“By the end of my study abroad experience, I was a little more Bowdoin-sick than homesick,” he said.
For Will Bogardus, studying abroad cultivated his interest in Japanese history, and after going to Japan for a year, he was able to refine his focus within Japanese studies.
“Before I went to Japan, I wanted to get a Ph.D in Japanese history,” said Bogardus. “Midway through my time abroad, I realized I didn’t want to do that at all and instead became increasingly interested in Japanese culture.”
Bowdoin’s academic reputation motivated King’s high school years. With a long-standing familial tradition of Polar Bears, King was set on attending Bowdoin from an early age.
“Bowdoin has always been on my radar,” explained King. “I would visit my sister, Taryn [’07], when I was in high school and got to see her life here. I worked hard in high school because I wanted to make sure that I did everything in my power to get in.”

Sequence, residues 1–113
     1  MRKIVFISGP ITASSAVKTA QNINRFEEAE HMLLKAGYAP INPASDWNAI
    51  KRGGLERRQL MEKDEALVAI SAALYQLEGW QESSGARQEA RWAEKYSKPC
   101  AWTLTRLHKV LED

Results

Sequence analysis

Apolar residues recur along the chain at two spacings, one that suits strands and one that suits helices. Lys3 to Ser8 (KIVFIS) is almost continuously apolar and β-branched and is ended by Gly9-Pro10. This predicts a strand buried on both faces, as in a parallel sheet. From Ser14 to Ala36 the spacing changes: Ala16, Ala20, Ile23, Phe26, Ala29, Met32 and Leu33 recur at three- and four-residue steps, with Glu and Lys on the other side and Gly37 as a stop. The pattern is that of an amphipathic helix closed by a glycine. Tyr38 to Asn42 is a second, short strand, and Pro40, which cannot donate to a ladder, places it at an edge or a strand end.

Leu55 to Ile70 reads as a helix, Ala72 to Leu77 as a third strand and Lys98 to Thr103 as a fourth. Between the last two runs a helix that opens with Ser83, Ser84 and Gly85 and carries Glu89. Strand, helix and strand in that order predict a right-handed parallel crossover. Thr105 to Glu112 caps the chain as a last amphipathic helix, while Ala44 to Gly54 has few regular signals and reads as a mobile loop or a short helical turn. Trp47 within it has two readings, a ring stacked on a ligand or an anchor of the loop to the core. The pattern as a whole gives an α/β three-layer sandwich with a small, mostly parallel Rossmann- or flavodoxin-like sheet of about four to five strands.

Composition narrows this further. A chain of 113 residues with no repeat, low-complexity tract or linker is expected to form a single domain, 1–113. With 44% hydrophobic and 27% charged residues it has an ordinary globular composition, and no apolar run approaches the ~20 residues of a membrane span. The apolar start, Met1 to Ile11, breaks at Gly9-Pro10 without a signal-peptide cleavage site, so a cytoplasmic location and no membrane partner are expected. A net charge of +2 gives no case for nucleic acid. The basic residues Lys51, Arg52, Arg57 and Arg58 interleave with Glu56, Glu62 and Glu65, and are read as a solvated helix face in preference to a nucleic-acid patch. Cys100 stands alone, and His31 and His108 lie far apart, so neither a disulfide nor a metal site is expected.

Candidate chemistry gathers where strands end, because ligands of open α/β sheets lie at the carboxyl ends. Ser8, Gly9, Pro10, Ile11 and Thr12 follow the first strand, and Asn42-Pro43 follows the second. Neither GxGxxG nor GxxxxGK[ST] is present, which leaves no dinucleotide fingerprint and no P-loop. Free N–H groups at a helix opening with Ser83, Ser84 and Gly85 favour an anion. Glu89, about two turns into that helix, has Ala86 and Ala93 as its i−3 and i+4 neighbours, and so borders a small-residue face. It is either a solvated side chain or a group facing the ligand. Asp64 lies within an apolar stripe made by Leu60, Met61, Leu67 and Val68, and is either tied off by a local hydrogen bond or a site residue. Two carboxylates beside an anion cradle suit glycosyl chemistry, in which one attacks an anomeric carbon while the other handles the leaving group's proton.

O’Keefe discovered that having unique interests actually helped her find her niche at Bowdoin.
“When I got here, I realized how much I enjoy taking classes that really excite me,” said O’Keefe.
“I’ve found people who will read Homer on the Art Museum steps with me or will talk about the different rocks that Bowdoin is made of. Bowdoin has provided an environment for my interests to flower,” she added.
Bogardus found that Bowdoin helped him overcome his formerly reserved nature.
“I’ve definitely become a lot more outgoing since I got here,” said Bogardus. “I am a lot more accepting of people that I wouldn’t have met growing up or gotten to know otherwise.” Caron credits Bowdoin for providing her with a more panoramic and nuanced view of the world.
“Through the McKeen Center, I’ve visited communities that are so different from my primarily white, right-wing, religious hometown of Fort Kent,” she said.